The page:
point you have to realise that this thing has produced itself through
me so let me let it go.
2008 interview with Miriam Kotzin in Per Contra you say ‘as
an African writer' you are ‘subject to all sorts of
shocking exploitation without recourse'. What forms of exploitation
have you experienced?
Well right now I'm in a legal battle with ZPH who
have been behaving in what I think is a shameful way. I hope I will
be able to settle that amicably with them. Of course, in Zimbabwe
at the moment its very difficult to give good reasons for things
happening. People will always blame the economy, blame exchange
rates et cetera. But again it comes back to what I was talking about
earlier about what is it that makes a person a person? You always
have a choice, even if the economy is like this, you can behave
this way or that way. For me if you behave for the good of yourself
and the group, which as a publisher means the good of your company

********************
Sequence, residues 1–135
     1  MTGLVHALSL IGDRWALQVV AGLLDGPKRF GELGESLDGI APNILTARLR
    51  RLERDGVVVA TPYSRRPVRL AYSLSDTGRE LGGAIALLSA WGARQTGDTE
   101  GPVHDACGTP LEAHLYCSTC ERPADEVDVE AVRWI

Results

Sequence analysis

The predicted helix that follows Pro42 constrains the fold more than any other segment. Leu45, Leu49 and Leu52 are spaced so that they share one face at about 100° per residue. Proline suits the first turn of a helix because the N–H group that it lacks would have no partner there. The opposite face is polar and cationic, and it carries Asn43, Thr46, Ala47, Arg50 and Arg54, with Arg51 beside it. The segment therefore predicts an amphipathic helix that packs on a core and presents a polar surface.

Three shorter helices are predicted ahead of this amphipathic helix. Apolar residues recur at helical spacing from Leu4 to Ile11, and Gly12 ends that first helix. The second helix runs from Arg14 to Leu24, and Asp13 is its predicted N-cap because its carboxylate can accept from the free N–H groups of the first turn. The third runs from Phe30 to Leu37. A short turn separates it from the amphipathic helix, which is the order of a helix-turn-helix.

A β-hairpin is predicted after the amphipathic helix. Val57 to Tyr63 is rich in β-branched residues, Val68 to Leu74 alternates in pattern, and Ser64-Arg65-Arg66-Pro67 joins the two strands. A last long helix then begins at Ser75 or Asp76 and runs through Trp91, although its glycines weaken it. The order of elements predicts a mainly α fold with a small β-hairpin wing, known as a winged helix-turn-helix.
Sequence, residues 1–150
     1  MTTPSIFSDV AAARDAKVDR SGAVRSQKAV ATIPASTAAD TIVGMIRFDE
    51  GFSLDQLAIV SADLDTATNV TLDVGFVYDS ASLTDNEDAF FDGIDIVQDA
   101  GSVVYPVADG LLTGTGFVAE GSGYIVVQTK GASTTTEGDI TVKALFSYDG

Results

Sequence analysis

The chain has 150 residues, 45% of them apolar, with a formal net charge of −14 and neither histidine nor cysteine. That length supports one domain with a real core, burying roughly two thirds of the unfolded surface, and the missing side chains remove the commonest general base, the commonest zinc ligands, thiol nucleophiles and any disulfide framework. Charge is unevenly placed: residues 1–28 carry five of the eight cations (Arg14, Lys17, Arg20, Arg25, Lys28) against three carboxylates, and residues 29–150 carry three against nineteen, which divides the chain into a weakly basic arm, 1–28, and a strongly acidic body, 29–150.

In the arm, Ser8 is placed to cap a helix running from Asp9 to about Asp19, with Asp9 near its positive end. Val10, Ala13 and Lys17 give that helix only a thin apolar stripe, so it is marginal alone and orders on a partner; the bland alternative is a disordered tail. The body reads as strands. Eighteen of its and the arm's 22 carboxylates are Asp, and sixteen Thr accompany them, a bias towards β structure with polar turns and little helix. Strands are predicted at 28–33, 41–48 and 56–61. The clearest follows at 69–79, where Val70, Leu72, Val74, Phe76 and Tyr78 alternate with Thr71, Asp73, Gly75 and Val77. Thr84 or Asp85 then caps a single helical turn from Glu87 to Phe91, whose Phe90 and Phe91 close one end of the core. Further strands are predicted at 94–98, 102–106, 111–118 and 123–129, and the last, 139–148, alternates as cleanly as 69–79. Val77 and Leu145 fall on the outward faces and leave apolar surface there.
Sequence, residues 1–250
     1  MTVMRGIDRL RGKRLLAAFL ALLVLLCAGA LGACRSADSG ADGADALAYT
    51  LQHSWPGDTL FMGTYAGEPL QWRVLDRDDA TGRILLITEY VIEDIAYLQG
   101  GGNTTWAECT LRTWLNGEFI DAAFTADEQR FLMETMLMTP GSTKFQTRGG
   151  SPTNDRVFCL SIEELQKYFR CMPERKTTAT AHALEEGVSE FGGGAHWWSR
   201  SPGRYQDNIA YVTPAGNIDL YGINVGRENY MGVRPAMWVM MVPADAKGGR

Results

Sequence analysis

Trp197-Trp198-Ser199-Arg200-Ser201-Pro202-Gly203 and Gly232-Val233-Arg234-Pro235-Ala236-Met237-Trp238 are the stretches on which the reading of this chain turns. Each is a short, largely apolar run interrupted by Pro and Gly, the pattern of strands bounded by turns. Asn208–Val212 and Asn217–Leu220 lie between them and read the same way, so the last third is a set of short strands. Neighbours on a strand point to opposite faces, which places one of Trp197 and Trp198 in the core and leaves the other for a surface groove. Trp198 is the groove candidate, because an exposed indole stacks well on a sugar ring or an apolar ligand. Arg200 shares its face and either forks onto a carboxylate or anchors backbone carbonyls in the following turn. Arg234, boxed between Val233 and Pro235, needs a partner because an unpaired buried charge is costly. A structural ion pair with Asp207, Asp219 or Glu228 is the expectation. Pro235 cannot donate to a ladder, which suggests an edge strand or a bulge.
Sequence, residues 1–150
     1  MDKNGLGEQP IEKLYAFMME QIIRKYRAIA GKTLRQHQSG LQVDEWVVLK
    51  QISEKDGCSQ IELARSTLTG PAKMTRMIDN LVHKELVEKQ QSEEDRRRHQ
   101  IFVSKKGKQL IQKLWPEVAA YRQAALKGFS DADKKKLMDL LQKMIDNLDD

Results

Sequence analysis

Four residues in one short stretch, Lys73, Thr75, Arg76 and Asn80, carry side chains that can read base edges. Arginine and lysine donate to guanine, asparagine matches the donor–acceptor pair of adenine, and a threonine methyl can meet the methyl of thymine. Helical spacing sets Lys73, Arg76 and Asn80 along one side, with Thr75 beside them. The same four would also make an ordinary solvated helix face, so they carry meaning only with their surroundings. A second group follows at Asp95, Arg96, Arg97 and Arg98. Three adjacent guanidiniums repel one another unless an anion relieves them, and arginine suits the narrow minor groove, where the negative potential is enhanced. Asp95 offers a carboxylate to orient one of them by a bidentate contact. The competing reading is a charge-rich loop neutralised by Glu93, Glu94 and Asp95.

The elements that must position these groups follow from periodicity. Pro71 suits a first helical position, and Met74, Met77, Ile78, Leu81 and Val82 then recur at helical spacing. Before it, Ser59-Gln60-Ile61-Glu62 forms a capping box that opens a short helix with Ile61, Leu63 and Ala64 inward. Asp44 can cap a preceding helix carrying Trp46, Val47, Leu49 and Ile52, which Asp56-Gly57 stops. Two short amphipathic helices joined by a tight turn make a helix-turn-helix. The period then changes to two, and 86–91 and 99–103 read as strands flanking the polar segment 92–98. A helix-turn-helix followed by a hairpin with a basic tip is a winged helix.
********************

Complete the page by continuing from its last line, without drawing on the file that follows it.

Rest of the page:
and your author, then there should be no problem. So I think we
do not have that ethic. I think we have an astonishing lack of morality.
Then again I want to say that jealousy is something that we as Zimbabweans
know is endemic in our culture. That's why we have such belief
in uroyi, because if you're jealous of someone give them a
bit of crocodile bile and that's it they're gone. So
we have a lot of that as well. I think that has also led to some
people not wanting to support my work. But its not just in Zimbabwe,
outside the country I've had challenges with my publisher,
I'm in a legal battle with my English publisher as well. I'm
quite sure that I will win these battles, but it takes a long time
and a lot of effort.
I think one of the problems
that we have as artists in Zimbabwe is that we do not have arts
managers and administrators. We have business people in this country,
but business people think that the idea of business is to make money
any way. We do not have business people who have a real passion